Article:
If you asked someone where to find the most beautiful scenery in Vietnam, they’d probably direct you to the famed Halong Bay. Its striking karsts rise straight up out of the sea, framing the alluring blue-green waters to create postcard-ready scenery. While Halong Bay has become marred by crowds, pollution, and overtourism, there’s no denying that the scenery is beyond belief.
So what if you could find that same breathtaking beauty in a quieter spot – and on land? The much less known area around the towns of Ninh Binh and Tam Coc offers just that, the same karsts rising up out of the ground and towering over rivers and lakes. And once you get out of town, you’ll feel like you have it all to yourself.
We didn’t realize until we arrived that most visitors just do a Tam Coc day trip from Hanoi – it’s only about 60 miles away – instead of staying overnight. While that’s enough time to experience a few hours of paddling through the enchanting canyons, we’d definitely recommend staying a couple days to really enjoy the area.
Getting to Ninh Binh and Tam Coc, Vietnam
Coming from Da Nang or Hoi An (or really anywhere), the best method for getting to Tam Coc is the overnight train, a thirteen-hour journey that will set you back about $35. With beds that lie flat and space to walk around, it’s much more comfortable than the cramped night buses that speed along the highway, not to mention a whole lot safer.
Unlike on Thailand’s trains, Vietnamese train cars are separated into four-bed cabins, each with a lockable door. On one hand, this setup probably helps prevent theft, as there aren’t any passersby with access to your bags. On the other, the isolation of a cabin could be uncomfortable for solo female travelers, especially if they end up with all-male cabin mates.
Our ride from Da Nang to Ninh Binh was uneventful, with the exception of one of our cabin mates thinking it was a good idea to play music on his iPhone without headphones (who doesn’t carry headphones on the train?). Since the other Vietnamese guy in our cabin didn’t say anything, we figured it must be culturally acceptable? But the beds were pretty comfortable and the cabin was gloriously dark, allowing us a quality night’s sleep before we arrived at 10:00am.
The train station is in the much larger town of Ninh Binh, about four miles away from Tam Coc. After reading that Ninh Binh has little to offer in the way of tourism, we decided to go straight to Tam Coc and base ourselves there. But both towns have lots of hotels, and it’s super easy to travel between them. The taxi from the train station to our hotel in Tam Coc was about $4.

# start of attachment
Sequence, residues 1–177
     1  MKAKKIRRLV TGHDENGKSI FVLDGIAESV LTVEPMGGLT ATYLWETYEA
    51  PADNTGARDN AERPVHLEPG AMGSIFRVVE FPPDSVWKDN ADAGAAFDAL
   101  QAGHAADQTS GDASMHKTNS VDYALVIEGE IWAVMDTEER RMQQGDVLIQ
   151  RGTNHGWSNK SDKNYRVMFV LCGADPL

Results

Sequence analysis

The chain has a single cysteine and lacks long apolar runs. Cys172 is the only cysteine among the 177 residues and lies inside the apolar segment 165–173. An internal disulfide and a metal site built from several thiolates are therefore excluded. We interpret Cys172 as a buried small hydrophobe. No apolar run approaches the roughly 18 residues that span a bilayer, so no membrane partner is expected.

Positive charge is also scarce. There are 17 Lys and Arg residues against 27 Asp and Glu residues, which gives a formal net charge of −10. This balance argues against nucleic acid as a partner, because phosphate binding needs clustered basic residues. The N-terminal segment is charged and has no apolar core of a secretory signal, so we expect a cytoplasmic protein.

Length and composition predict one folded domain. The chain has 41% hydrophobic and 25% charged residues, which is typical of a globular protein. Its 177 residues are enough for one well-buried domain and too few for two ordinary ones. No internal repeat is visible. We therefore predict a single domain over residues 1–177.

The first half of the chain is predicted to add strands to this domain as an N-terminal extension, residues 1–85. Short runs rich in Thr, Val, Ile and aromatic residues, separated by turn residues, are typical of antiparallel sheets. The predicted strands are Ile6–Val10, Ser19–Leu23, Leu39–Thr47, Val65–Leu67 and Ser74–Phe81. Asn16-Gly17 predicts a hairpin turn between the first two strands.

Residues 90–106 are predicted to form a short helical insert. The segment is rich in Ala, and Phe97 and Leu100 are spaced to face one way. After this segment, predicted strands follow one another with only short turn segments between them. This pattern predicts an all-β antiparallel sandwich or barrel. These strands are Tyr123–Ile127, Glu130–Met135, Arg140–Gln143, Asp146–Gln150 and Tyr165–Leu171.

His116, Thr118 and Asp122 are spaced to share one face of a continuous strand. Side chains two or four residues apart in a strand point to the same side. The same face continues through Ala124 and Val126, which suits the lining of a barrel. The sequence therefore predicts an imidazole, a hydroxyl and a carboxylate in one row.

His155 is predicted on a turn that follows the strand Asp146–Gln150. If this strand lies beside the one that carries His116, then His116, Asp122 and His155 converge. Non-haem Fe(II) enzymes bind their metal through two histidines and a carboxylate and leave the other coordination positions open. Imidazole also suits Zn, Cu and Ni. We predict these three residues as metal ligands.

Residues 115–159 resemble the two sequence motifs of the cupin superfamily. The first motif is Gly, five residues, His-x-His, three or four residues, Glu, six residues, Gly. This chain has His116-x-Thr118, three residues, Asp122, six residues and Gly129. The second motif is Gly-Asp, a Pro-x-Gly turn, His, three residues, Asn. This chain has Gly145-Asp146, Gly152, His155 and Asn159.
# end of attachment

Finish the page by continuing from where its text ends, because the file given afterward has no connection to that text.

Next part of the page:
Things to Do in Tam Coc
Tam Coc Boat Tours
If there’s one activity that attracts visitors to Tam Coc, it’s the boat tours. The town is situated around a lake where dozens (hundreds?) of local guides offer scenic tours in their rowboats.
Unfortunately, from what we read and saw, many people walk away from their boat ride disappointed. The rowers are known to ask for tips mid-ride (with the implication that they’ll stop paddling in the middle of nowhere if one isn’t given) and insist that passengers buy them snacks and drinks at the end of the ride (which they promptly return to the store for cash).
In an effort to avoid getting scammed and find a less touristy option, we rode a pair of rickety bicycles out to the UNESCO World Heritage site of Trang An, fives miles away, which we heard offered a more professional experience.
Unlike the lake in Tam Coc, Trang An is much more popular with Vietnamese tourists. It was packed with local people, but we were just about the only foreigners there, and it was free of scams. Trang An boat tours cost 200,000 VND (about $8.80) per person, making them about the same price as in Tam Coc, but without the forced tips and snacks on top.
Once we bought our tickets, we headed over to the boat dock, where a staff member (who was the only English speaker we encountered there) told us we actually had three different tour options. Two of them involved stopping at a site where the movie King Kong: Skull Island was filmed, which seemed like it was bound to be a tourist trap involving selfies with leftover set pieces.
We opted for the third option, which visited the most caves, and were eventually shuffled onto one of the boats with three Vietnamese tourists and a rower.
For the next few hours, we paddled our way through spectacular limestone canyons and crouched down as the boat glided through nine caves (some natural, some artificial) that cut beneath the mountain peaks.
A few times during the ride, we were prodded to pick up a paddle and “assist” the rower – only I don’t think our efforts accomplished much, since the paddle blade was broken in half and we didn’t have an equal number of rowers on each side of the boat. In fact, it seems like it would have made it more difficult, but everyone was asked to pull their own weight nonetheless.